Drainage problems threaten sidewalks in Saxonburg
Saxonburg Council acted quickly Wednesday evening to try to resolve a downspout drainage issue that could shorten the life of the new sidewalks being installed as part of the Main Street restoration project.
A solution for downspout drainage on the north side of the street is not addressed in the final plans, officials said at an informational meeting about the project held prior to council's meeting. That's the side of the street where the Hotel Saxonburg is located.
The water would run directly onto the sidewalk as it has for years. The troughs that funnel water toward the curb would not be replaced.
The $1.4 million Main Street project includes construction of concrete gutters and curbs, wheelchair ramps at the intersections, brick paver sidewalks, trees and pedestrian lighting on the eastern portion of Main Street, from Rebecca Street west to Pittsburgh Street and State Street.
William Pysh, who owns a building on the north side of the street, said he was surprised to learn that the downspouts weren't being redirected.
He was among about 40 people who attended the informational meeting.
“When it rains and you have the downspout running onto the sidewalk, it freezes and thaws and causes the sidewalk to lift,” he said.
Pysh pressed officials to find a solution. He suggested that other businesses could use an underground downspout extension like the one he installed when he replaced his sidewalks four years ago. The water drained into the grass between the sidewalk and street.
Pysh said he plans to replace the extension, which was removed when the contractor tore out the sidewalk, before the concrete is poured for the new walkway.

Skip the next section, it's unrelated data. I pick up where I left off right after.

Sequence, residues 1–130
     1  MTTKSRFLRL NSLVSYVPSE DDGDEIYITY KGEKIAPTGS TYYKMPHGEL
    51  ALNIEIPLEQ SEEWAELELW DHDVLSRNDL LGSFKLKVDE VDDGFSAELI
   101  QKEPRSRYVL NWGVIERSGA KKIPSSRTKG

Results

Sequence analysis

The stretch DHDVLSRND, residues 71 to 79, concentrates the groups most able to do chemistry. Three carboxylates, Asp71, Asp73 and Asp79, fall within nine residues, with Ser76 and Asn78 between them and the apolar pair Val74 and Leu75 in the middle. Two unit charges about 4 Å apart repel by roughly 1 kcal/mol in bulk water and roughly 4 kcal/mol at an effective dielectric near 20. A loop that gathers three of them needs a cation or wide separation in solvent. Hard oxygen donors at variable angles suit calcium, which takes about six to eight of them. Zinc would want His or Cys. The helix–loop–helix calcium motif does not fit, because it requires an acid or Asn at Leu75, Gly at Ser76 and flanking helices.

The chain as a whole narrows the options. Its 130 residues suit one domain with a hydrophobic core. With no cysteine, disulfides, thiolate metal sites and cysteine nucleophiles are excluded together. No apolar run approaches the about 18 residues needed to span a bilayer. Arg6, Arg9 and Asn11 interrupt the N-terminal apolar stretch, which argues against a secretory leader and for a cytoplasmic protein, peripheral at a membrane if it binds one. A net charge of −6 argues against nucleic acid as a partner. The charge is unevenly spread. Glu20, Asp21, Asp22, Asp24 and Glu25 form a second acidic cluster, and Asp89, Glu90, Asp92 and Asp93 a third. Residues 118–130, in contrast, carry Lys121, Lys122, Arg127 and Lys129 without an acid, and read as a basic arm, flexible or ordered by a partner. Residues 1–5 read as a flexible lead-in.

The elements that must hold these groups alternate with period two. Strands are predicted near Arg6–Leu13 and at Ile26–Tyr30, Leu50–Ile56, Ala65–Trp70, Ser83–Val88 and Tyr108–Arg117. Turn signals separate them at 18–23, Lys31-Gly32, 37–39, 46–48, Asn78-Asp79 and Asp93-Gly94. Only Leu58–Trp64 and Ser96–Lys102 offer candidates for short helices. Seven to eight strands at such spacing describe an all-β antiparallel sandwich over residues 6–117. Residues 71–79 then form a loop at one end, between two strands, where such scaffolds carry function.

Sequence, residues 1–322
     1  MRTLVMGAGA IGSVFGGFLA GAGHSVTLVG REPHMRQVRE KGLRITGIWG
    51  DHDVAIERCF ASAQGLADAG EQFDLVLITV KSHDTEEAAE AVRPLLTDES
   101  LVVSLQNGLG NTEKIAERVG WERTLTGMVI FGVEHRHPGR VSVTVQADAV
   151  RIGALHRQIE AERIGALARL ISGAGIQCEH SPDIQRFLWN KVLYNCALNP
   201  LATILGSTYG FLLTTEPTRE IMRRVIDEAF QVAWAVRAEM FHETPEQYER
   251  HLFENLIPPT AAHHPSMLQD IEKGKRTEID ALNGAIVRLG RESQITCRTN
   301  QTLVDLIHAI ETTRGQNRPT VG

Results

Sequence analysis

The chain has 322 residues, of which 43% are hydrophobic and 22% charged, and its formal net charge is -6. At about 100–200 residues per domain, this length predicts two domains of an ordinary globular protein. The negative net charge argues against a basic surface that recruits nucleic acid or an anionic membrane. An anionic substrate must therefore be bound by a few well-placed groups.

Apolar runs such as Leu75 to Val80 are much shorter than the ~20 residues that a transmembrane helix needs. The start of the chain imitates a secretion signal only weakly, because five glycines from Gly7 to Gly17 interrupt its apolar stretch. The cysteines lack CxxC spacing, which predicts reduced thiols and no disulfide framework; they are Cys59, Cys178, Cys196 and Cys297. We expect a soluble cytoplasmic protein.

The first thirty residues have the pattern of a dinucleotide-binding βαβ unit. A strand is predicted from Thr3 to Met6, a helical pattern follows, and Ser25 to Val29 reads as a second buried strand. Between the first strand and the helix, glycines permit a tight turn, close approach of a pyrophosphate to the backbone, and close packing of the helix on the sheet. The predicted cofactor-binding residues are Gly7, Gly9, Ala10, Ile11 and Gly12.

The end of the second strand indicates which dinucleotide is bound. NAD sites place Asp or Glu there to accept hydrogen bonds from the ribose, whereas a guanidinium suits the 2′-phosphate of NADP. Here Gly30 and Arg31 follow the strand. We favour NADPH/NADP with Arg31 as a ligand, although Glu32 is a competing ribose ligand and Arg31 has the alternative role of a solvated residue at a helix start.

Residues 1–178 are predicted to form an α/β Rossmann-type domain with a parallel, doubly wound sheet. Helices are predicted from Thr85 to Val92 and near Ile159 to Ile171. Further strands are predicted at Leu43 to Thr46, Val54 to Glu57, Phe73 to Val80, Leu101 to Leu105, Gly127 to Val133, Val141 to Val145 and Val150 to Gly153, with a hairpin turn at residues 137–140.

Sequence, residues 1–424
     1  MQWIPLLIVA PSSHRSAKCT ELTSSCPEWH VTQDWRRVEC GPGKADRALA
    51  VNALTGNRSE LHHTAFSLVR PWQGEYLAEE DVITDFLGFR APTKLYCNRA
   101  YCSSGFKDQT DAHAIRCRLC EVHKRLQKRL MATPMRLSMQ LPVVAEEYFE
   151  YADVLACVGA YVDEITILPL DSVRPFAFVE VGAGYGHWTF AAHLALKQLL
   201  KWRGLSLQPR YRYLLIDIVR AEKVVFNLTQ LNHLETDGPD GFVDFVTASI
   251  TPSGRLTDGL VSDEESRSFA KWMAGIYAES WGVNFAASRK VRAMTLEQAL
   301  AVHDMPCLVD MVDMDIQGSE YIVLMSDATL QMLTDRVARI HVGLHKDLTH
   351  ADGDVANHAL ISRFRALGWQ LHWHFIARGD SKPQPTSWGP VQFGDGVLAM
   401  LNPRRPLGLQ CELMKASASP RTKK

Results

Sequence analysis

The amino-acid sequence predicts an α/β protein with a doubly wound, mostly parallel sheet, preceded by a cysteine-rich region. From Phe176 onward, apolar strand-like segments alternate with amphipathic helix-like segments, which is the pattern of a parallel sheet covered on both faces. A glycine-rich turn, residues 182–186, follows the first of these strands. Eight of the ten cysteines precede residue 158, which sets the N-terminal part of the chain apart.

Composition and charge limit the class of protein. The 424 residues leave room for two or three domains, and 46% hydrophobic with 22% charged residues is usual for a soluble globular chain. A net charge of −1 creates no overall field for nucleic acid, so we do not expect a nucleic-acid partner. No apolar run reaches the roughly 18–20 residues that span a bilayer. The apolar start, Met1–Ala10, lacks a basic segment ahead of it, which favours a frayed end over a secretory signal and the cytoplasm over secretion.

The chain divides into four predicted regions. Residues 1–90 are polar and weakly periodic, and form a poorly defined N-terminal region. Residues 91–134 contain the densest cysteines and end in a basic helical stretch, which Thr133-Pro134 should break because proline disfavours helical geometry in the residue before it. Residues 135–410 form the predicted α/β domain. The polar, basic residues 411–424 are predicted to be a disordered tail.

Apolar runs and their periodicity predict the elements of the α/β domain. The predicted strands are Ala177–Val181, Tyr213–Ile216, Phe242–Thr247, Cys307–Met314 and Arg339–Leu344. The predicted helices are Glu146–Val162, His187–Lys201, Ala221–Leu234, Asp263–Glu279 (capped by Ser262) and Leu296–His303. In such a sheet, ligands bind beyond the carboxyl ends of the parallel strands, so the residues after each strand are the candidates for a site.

One of the features of the project is a “greenspace” with trees between the sidewalk and curb the length of Main Street.
Based on Pysh's suggestion, council approved Borough Manager Mary Papik's request to secure any federal Community Development Block Grant funds left over from the stormwater project to address the downspout issue.
“There is a possibility that there is stormwater money available that could be used to remediate the problem on Main Street,” she told council.
She has to confirm with the county that there are additional funds.
John DeSantis, project manager for S.E.T. Inc., prime contractor for the Main Street Project, said that downspouts normally are connected directly into the stormwater system, which the borough had installed last year.
Doing so was cost-prohibitive, said Tom Knights, Saxonburg's building inspector and zoning and sewage enforcement officer.
In other business brought up at the informational meeting, Don Pflueger asked if business owners could be notified a few days in advance of work that could substantially affect parking and pedestrian access, such as when the concrete is poured.
“It just helps to know that you're going to be there,” said Pflueger, who owns two Main Street businesses. “I've had people cancel appointments because of what was going on.”
S.E.T.'s field supervisor for the project, Ken Kretchman, said he had no problem with such notifications.
The contractor recently began tearing out the sidewalk on the north side of the street.
Two-way traffic and pedestrian access will be maintained throughout the project, with brief traffic stoppages while equipment is moved, DeSantis said.
He said that the sidewalks should be completed by early July. The project will be finished, except for planting trees, by mid-August.
Only a portion of the north side of the sidewalk will remain unfinished when work begins on the south side, he said.
“We want to be out of here as quickly as possible with as little disruption as possible,” he said.
Jodi Weigand is a staff writer for Trib Total Media. She can be reached at 724-226-4702 or email@example.com.
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